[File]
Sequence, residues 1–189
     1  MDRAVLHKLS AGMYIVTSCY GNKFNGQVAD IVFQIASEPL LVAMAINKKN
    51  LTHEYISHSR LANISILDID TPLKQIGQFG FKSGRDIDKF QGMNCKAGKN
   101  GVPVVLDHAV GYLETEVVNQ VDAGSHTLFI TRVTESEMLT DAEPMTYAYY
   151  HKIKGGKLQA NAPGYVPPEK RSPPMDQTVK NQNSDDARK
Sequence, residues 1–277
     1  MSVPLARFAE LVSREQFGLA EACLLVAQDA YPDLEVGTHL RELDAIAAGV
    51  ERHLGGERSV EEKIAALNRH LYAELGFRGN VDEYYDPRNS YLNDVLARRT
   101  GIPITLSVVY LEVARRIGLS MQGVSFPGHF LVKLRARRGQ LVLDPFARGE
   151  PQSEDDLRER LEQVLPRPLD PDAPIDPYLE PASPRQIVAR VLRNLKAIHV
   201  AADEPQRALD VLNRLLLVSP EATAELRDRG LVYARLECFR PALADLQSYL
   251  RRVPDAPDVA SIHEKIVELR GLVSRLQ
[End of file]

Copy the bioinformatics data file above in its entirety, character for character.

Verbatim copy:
Sequence, residues 1–189
     1  MDRAVLHKLS AGMYIVTSCY GNKFNGQVAD IVFQIASEPL LVAMAINKKN
    51  LTHEYISHSR LANISILDID TPLKQIGQFG FKSGRDIDKF QGMNCKAGKN
   101  GVPVVLDHAV GYLETEVVNQ VDAGSHTLFI TRVTESEMLT DAEPMTYAYY
   151  HKIKGGKLQA NAPGYVPPEK RSPPMDQTVK NQNSDDARK
Sequence, residues 1–277
     1  MSVPLARFAE LVSREQFGLA EACLLVAQDA YPDLEVGTHL RELDAIAAGV
    51  ERHLGGERSV EEKIAALNRH LYAELGFRGN VDEYYDPRNS YLNDVLARRT
   101  GIPITLSVVY LEVARRIGLS MQGVSFPGHF LVKLRARRGQ LVLDPFARGE
   151  PQSEDDLRER LEQVLPRPLD PDAPIDPYLE PASPRQIVAR VLRNLKAIHV
   201  AADEPQRALD VLNRLLLVSP EATAELRDRG LVYARLECFR PALADLQSYL
   251  RRVPDAPDVA SIHEKIVELR GLVSRLQ